Strap on your training shoes and get walking

The deadline for a $50 registration fee for the Great Lake Walk is fast approaching.

Gerrie Knott participating in one of the many Great Lake Walks over the years.

Gerrie Knott participating in one of the many Great Lake Walks over the years.

The deadline for a $50 registration fee for the Great Lake Walk is fast approaching. Folks who wish to participate in the walk, happening on September 15, and who wish to take advantage of this second stage promotional reduction in fees, have until August 1, to register.

From August 2, to September 1, registration fees will go up to $60 per person. For those who wish to register a team, the fee is the same, but the bonus is that organizers offer each sixth registration free.

The Great Lake Walk is an annual charity fundraiser in which participants can choose to donate to the charity of their choice.

This 55.9 kilometer walk begins at 5 a.m. in Youbou, with a breakfast offered at the Youbou New Hope Community Church between 2 a.m. and 6 a.m. The cost for breakfast is $5.50.

The walk can be grueling even for seasoned walkers and runners, so Gerrie Knott, a regular participant, offers a few suggestions and ways in which she prepares.

“Besides walking three to four times a week I also go to Links twice a week on Tuesday and Thursday evenings and do a boot camp with Shannon Lee,” she says.

She says that those who wish to participate should start training as early as possible.

“This is not something you can just walk into. I do it because I can.”

Knott often takes her son’s dogs with her and does a loop from her house on Beaver Road, to the highway, and back again. She takes her iPod with her and counts her steps. She does this on the day of the Great Lake Walk as well, and says that last year she took 73,000 steps and burned just under 5,000 calories.

Knott recommends bringing along several pairs of shoes and socks for the walk itself, as feet can become sweaty and develop blisters.

Walk organizers provide vehicles that transport personal belongings and deliver them to the various rest stops along the way.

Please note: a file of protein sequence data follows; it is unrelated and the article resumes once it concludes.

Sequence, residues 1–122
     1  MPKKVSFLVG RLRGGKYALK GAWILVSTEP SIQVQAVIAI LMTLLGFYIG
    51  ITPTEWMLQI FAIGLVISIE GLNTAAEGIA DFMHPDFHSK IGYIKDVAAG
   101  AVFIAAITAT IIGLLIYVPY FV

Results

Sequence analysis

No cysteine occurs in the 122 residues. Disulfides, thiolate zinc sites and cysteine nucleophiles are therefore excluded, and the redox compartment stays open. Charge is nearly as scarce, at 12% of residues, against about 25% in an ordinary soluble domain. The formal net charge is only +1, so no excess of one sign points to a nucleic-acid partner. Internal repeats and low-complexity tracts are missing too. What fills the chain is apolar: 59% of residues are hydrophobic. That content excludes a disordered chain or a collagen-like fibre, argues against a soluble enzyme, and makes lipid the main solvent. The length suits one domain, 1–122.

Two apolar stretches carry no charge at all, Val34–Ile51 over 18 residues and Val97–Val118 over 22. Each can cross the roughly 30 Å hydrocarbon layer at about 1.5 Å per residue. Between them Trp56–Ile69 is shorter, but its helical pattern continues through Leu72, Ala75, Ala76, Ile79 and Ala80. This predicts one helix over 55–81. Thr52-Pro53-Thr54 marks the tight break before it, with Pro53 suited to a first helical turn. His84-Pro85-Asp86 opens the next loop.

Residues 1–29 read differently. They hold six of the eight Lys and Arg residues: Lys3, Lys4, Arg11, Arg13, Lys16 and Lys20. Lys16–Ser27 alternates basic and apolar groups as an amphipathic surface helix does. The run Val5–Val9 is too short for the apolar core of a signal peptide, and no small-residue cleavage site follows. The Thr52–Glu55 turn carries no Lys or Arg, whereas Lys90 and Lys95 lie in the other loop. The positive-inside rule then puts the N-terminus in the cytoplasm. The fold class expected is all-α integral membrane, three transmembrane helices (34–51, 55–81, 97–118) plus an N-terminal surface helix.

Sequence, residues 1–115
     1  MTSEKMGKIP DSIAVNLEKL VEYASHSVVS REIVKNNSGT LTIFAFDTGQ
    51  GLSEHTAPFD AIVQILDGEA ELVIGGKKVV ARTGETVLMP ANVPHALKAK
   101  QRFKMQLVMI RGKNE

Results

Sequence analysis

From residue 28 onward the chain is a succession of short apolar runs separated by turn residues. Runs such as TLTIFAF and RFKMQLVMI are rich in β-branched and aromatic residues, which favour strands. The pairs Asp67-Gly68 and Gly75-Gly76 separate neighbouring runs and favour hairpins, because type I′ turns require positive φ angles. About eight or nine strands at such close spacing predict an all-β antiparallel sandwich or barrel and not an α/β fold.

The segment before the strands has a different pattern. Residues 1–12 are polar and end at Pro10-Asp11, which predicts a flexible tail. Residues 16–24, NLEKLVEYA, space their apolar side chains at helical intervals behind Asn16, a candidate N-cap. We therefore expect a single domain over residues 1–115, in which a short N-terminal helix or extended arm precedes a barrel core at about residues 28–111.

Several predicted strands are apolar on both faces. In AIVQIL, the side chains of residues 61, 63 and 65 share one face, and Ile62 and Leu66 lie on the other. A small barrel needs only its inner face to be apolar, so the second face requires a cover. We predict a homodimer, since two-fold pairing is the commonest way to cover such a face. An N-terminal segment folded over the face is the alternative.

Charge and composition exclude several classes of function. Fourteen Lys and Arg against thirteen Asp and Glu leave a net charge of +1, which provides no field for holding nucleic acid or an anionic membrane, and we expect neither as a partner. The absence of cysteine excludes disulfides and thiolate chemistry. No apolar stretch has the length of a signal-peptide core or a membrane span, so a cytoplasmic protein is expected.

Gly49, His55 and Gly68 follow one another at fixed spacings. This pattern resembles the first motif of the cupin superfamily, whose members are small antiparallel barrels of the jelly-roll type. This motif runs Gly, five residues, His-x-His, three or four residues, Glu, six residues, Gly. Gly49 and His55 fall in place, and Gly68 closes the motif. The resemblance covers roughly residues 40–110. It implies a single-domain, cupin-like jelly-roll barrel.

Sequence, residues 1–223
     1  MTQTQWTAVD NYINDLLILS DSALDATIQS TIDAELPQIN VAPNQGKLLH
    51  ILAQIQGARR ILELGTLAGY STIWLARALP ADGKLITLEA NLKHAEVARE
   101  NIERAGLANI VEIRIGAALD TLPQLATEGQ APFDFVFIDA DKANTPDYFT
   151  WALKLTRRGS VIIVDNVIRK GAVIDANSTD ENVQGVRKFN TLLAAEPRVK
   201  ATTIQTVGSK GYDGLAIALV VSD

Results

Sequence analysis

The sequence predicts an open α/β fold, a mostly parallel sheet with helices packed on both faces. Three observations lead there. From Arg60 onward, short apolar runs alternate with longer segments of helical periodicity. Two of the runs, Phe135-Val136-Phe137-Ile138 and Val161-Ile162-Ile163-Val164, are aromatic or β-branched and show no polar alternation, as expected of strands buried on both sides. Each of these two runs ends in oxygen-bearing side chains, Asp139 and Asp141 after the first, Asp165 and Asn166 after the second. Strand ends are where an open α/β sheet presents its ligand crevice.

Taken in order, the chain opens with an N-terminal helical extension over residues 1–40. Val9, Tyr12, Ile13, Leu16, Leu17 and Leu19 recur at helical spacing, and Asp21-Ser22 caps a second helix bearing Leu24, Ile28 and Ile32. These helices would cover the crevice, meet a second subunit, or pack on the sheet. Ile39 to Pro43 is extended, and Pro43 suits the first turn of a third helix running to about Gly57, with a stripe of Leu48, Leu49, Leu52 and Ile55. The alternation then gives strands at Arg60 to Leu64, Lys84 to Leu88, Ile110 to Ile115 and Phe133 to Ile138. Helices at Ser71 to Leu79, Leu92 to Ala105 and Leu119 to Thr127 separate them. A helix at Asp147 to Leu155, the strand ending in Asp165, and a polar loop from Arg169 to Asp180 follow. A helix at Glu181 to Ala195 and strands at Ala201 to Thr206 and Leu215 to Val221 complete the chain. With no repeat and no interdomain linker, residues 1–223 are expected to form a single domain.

Doug Knott, Gerrie’s husband, is one of the drivers for the walk. Doug also coordinates all of the drivers and “drives the van around the lake picking up walkers baggage and any walkers who cannot finish the walk, along with my mom and dad, Ted and Ethel Johnson, and my brother-in-law Gordy Knott who volunteers with driving the vans,” says Knott

Her friend Tracy Johnson drives one of the support vehicles and her daughter Taylor has walked with Knott for the past nine years.

Knott has walked in every Great Lake Walk for the past 10 years, and says she does it for her own health and personal satisfaction.

However, this year she says she is walking for her sister-in-law Barb who was diagnosed with cancer earlier this year.

“She’s always been one of my biggest supporters,” says Knott. “She’s always at the finish line waiting for me.”

But Knott adds that her entire family supports her each year as well.

“The family and friends I see at the finish line also keep me going those last few kilometers. The encouragement I get is amazing and honestly I could not do it without the support from them.”

For more information, registration forms, and an itinerary of the walk, go to greatlakewalk.com, or phone 250-749-3740.

 

Lake Cowichan Gazette

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